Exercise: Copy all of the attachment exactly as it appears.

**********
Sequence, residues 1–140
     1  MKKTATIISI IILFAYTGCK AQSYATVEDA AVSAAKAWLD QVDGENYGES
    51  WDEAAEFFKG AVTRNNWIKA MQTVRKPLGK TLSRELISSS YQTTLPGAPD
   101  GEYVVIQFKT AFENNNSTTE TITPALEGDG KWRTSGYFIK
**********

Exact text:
Sequence, residues 1–140
     1  MKKTATIISI IILFAYTGCK AQSYATVEDA AVSAAKAWLD QVDGENYGES
    51  WDEAAEFFKG AVTRNNWIKA MQTVRKPLGK TLSRELISSS YQTTLPGAPD
   101  GEYVVIQFKT AFENNNSTTE TITPALEGDG KWRTSGYFIK